By Christian Holub
Updated November 09, 2015 at 04:54 PM EST

Earlier this year, two gunmen shook the global news cycle when they walked into the Paris offices of satirical magazine Charlie Hebdo and opened fire. The attack killed 12 staff members, including editor-in-chief Stéphane Charbonnier (known as “Charb”), whom the gunmen reportedly called out by name. In a strange coincidence, Charbonnier had just completed work on a book two days before his murder. Now, that book will be published as Open Letter: On Blasphemy, Islamophobia, and the True Enemies of Free Expression from Little, Brown next year.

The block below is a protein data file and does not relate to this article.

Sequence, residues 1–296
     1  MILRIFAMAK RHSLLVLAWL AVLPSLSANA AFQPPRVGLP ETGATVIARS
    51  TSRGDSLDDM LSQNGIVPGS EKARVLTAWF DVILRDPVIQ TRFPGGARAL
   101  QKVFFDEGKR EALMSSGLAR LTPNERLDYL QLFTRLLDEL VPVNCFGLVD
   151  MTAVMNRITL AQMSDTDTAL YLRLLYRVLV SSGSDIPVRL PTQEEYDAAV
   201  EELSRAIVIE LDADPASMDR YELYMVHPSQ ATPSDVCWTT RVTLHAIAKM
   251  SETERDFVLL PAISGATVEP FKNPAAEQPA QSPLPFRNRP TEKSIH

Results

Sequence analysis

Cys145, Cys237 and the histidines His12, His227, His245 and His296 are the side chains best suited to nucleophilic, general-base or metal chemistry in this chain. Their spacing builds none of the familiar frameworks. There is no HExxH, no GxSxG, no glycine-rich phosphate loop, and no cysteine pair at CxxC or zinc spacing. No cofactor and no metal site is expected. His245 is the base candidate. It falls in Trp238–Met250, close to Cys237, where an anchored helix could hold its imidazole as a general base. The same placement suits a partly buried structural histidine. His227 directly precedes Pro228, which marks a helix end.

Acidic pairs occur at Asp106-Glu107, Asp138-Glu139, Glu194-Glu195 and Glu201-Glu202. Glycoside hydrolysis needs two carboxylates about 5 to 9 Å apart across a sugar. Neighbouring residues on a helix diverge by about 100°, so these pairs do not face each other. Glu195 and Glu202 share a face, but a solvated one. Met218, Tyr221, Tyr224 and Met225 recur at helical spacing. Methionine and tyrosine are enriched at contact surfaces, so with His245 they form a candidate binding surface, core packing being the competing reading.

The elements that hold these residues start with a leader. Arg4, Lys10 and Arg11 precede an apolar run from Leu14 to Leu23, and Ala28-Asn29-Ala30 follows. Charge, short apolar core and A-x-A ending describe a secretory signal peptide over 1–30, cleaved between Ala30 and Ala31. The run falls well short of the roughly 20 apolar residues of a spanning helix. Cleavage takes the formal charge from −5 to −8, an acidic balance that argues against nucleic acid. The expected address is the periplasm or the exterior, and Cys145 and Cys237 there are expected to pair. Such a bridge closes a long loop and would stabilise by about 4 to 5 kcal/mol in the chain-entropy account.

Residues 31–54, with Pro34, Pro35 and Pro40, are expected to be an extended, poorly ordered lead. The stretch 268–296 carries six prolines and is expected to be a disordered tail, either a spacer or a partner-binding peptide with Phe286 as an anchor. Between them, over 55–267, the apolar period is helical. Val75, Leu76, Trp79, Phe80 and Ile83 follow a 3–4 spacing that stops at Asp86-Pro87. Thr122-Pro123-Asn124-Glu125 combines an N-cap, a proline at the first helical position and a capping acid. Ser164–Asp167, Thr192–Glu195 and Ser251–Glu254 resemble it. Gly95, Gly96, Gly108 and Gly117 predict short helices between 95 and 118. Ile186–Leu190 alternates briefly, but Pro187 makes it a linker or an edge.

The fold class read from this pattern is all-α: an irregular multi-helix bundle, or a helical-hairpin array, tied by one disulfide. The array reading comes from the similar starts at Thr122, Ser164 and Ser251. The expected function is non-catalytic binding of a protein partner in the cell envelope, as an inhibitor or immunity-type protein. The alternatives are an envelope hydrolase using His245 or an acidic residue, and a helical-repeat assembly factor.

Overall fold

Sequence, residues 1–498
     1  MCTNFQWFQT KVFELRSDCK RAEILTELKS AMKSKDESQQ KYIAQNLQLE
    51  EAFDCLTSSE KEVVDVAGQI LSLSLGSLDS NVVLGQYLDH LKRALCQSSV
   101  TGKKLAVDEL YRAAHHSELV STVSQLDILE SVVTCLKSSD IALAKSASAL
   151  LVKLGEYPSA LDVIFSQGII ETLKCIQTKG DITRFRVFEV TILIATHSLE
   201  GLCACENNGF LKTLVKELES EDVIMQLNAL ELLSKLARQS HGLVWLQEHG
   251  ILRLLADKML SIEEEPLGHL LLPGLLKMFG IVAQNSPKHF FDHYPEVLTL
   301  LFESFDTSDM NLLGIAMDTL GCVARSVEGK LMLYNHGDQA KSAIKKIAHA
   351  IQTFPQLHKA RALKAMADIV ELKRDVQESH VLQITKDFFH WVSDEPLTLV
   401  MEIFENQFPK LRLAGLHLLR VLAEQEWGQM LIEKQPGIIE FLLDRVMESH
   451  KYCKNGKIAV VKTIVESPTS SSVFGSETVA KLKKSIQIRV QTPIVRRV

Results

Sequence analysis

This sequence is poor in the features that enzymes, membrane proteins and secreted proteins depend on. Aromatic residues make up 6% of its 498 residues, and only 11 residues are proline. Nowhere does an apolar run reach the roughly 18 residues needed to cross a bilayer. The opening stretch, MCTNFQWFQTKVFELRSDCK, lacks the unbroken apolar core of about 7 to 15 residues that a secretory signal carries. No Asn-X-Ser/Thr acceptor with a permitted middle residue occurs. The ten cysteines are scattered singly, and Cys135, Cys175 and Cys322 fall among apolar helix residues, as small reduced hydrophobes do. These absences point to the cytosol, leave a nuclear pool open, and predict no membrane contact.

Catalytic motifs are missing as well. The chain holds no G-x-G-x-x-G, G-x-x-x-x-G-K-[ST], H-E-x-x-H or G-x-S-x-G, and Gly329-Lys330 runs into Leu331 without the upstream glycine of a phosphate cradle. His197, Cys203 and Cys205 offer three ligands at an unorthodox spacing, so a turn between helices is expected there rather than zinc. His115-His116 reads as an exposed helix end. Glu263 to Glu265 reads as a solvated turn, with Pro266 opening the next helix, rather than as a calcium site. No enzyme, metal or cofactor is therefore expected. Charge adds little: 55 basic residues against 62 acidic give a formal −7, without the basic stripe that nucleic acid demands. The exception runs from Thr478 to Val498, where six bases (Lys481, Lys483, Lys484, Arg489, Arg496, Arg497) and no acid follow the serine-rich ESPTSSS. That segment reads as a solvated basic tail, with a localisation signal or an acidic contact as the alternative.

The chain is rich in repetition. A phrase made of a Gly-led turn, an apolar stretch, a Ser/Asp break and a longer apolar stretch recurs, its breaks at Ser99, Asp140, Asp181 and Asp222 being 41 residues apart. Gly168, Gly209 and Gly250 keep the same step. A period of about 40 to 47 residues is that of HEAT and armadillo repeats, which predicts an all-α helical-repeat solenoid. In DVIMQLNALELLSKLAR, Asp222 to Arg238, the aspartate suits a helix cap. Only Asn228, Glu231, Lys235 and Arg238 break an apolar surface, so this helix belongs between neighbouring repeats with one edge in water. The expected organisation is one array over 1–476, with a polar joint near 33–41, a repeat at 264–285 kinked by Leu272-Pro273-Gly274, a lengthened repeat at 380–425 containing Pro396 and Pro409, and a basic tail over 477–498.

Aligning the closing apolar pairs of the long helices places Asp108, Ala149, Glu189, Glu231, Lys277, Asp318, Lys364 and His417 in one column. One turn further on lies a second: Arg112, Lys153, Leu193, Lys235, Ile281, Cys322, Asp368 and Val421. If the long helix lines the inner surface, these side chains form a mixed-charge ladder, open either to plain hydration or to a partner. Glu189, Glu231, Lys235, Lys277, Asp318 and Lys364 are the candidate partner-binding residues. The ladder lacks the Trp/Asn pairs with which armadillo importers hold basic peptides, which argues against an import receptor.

“The murder of Stéphane Charbonnier and his colleagues at Charlie Hebdo was a tragic moment for France, and for the world,” Hachette Livre chairman Arnaud Nourry said in a press release. “To have journalists and illustrators silenced so brutally for lampooning bullies and extremists was a brazen attack on the fundamental freedom to publish. I am pleased that we will be able to share Charbonnier’s views with readers, and to contribute to the conversation about the insidiousness of religious intolerance.”

Open Letteris currently set for a January 2016 release.